Surface-Supplied Compressed Air Diving
Diving with the air continuously supplied by a compressor on the surface. See hookah.
The commonly used name for a scuba cylinder in the United States.
A form of SCUBA diving that exceeds the scope of recreational diving allowing deeper and longer dives. Diver who likes lots of gadgets or even as little gadgets as possible – depending on the type of tekkie. Diving with rebreathers, different mixes of gas, lots of stage bottles, going very deep into caves and silty wrecks are part of the tekkie diver heaven. If you have a BCD with less than 6 D-rings, you are NOT a tekkie diver.
Sudden changes in water temperature with changing depth. They occur when warmer, lighter water forms a layer above a more dense, colder layer of water If strongly effected by currents it can be the other way round occasionally.
Time To Fly
Divers must wait approx. 24 hours after the last dive before flying to reduce the risk of decompression sickness.
A breathing gas consisting of oxygen, helium and nitrogen. This proportions of each are changed according to the needs of the particular dive plan to help limit Oxygen toxicity and Nitrogen narcosis.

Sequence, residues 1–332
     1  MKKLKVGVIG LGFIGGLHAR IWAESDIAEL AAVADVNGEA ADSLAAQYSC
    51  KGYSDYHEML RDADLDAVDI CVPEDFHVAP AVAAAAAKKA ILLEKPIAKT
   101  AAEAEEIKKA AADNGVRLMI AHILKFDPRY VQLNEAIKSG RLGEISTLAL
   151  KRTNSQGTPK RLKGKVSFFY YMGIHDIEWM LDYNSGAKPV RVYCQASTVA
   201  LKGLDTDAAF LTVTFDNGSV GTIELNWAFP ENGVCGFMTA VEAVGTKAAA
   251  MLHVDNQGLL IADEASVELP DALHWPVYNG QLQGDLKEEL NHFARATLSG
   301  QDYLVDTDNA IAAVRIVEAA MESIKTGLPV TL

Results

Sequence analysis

Used to keep a diver warm and comfortable when diving in a dry suit.
Dizziness brought on by the inequality of pressures in the inner ear. Vertigo (dizziness) is a sign of ear barotrauma and should not be ignored. Causes may range from minor ear squeeze to perforation of the eardrum to inner ear barotrauma.
Visibility – Viz
Visibility is the distance a diver can see underwater measured in metres or feet.
Diving along the face of a vertical wall – requires good buoyancy control because there is no seabed to prevent the diver descending too deep.
A heavy belt worn around the waist to help a diver descend, and stop them rising to the surface involuntarily. Usually contains a set of lead weights.
A tightly fitting neoprene thermally-insulating diving suit that allows a limited volume of water inside the suit.
Diving on shipwrecks.
A cylinder valve with two outlets.